TAKING another sip of iced Greek coffee, I sit forward in my deckchair and gaze anxiously across at the cliffs flanking the clifftop bar I’m perched in high over the Aegean.
I’m waiting for the latest in a succession of cliff jumpers to take the plunge. For the past couple of hours, they have been periodically scrambling to the top of this promontory at Spilia above Hydra’s harbour, nervously analysing angles and depths before either launching themselves into the cooling depths below — or not, in the case of those who sheepishly clamber back down.
The island of Hydra (pronounced ‘ee-drah’), about 45 miles off the coast of Athens in the Saronic Gulf, has a long and rich ocean-going history. It has one of the oldest marine academies in the world and played a leading role in the Greek War of Independence against the Ottoman Empire in 1821.
That marine heritage is still celebrated and while you’re more likely to find a superyacht in its harbour than a warship, this tiny island (Hydra is just 25 square miles) has remained a source of inspiration for artists, writers and musicians for centuries — a subject currently being celebrated at the British Museum’s wonderful exhibition Charmed Lives In Greece: Ghika, Craxton, Leigh Fermor (free, britishmuseum.org), which is on until July 15.
Henry Miller wrote on Hydra, Leonard Cohen had a house here. Sophia Loren, Richard Burton, The Rolling Stones and Jackie Onassis were all visitors in the 1960s and 1970s. Today, dinky Hydra remains impossibly glamorous. Despite having just one town, no sandy beaches, no flashy ‘scene’ or must-visit restaurant, no roads or cars (everything is transported by either barrow or donkey) and no airport, Hydra remains the epitome of stealth wealth. Kate Moss is a visitor, photographer Juergen Teller is a regular and Pink Floyd guitarist David Gilmour has apparently recently acquired a house on the island.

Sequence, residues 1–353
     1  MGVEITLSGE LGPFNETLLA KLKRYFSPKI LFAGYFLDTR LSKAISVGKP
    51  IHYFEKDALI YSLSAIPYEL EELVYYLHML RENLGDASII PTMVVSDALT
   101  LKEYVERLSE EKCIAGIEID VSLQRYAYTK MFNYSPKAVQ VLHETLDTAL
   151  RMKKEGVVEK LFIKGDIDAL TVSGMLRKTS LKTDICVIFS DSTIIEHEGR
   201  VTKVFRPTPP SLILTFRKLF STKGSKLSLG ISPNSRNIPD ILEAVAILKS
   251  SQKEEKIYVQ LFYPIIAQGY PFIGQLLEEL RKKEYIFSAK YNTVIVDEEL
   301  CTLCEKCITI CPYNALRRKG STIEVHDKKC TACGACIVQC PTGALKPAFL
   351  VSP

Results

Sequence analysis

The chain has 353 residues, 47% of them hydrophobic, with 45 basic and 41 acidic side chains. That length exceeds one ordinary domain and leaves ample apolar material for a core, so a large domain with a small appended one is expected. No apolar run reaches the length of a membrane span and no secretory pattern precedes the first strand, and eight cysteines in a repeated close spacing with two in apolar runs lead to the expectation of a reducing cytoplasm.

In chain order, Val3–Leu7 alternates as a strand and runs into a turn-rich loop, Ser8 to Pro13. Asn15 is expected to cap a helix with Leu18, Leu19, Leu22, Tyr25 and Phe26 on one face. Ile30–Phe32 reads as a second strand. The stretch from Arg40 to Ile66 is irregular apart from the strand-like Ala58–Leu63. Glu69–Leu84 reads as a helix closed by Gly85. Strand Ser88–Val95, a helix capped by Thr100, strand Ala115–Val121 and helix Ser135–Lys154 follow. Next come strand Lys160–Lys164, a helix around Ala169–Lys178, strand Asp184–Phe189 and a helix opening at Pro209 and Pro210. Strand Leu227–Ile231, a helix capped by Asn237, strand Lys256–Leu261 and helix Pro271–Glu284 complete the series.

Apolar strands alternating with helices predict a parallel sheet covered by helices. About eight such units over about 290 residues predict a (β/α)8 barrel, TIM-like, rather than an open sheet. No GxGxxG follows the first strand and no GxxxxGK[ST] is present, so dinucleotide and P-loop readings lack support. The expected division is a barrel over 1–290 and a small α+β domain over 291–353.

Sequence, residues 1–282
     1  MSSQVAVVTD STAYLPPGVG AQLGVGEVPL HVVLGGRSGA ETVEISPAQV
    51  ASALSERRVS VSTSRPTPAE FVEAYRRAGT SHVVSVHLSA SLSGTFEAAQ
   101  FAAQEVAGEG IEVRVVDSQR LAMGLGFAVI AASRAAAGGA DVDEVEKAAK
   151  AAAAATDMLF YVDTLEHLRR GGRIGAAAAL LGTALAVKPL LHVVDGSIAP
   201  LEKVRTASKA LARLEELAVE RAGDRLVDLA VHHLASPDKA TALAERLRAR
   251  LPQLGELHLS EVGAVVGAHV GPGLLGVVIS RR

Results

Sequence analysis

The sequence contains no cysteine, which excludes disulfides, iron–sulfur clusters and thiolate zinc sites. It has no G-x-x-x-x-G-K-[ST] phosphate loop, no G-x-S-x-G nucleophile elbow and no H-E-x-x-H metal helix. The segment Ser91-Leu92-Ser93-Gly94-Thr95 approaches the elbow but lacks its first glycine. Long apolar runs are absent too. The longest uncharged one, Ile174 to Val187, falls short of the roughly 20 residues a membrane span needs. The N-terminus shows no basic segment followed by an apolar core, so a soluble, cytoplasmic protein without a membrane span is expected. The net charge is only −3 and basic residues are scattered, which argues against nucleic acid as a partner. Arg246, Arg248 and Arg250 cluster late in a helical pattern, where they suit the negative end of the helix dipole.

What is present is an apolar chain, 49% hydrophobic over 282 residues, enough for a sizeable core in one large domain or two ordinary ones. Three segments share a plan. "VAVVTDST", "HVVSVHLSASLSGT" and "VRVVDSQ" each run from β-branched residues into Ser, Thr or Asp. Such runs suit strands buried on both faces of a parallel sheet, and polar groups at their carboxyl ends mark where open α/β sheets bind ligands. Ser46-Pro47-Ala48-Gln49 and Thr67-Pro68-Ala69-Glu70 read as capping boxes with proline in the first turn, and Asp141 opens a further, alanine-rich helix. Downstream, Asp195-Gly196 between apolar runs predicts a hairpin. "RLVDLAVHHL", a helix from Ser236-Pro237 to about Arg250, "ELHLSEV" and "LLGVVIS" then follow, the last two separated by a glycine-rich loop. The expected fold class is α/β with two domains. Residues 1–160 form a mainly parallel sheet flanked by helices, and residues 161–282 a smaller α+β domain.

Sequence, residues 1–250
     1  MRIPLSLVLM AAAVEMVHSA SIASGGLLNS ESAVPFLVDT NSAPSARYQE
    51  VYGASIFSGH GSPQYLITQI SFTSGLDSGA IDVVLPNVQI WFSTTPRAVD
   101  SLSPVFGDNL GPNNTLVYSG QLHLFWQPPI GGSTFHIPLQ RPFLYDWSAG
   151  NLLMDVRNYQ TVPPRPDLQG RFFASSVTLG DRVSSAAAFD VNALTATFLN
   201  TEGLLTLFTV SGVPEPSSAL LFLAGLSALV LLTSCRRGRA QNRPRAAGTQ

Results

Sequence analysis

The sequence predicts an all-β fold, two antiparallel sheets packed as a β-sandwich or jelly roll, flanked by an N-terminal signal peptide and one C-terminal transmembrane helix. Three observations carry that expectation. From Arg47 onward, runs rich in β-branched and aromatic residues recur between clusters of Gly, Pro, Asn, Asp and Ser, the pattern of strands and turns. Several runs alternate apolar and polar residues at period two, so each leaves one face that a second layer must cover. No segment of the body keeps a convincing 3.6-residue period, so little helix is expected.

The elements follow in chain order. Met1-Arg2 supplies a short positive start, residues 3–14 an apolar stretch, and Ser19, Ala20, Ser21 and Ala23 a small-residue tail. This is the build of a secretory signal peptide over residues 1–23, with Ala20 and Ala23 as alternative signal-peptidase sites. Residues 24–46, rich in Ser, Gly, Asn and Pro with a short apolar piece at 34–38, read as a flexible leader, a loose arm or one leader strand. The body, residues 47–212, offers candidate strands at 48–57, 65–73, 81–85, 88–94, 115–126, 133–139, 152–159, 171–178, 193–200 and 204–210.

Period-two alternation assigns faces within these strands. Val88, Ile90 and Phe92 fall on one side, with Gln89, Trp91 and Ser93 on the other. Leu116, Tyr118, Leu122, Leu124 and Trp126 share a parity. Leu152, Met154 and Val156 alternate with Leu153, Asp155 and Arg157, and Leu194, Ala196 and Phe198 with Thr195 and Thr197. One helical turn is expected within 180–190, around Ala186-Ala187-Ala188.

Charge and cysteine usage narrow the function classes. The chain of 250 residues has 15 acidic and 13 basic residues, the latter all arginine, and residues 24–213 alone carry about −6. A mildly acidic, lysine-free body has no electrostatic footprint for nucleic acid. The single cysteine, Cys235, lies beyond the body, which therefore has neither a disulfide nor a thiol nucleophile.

Strict planning laws prohibit any new buildings being created here. Every building is whitewashed or Aegean blue. With barely any street lights, stargazers flock here. There are no high-rise buildings and only one hotel on the island with a pool — the wonderful Bratsera (from £150, bratserahotel.com), a stone’s throw from Hydra port. A former sponge factory, the pool was created in the 19th century for divers to rinse off.
Hydra’s beaches are legendary but they’re not easy to reach. The two best — Bisti and St Nicholas — are only accessible by boat from Hydra’s harbour (services leave from 11am and the latest return is 6pm, for around £10.60 return). They’re stony but pristine and organised, with loungers and parasols (£5.30 to rent) and a small beach bar serving drinks and delicious Greek salads.
While it is possible to walk the entirety of Hydra (it’s a popular place for hikers in spring and autumn), the island is mountainous and barren so it isn’t easy. There are water taxis and boat charters aplenty, however, if you want to explore.
If you don’t fancy boarding a boat, there are stone sunbathing platforms with steps into the sea dotted all around Hydra port and further afield as you walk around the headland, or try Castello with its loungers and shades (£4.40 to rent, castellohydra.gr). The stylish beach bar is in the hamlet of Kamini, about 25 minutes around the coast from Hydra port.
According to ‘Hydriot’ Maria Voulgari, who runs fascinating walking tours of the town (from £35, hydrawalkingtours.com), the island belongs to a bygone age.
‘We have no nightclubs and only a couple of bars,’ she says. ‘People sit, they take iced coffee, they think, they swim in the sea, they paint or write, drink wine, eat good fish off the boats. Hydra will never change. In 100 years it will be the same.’
Which is the best news I’ve heard in a long time.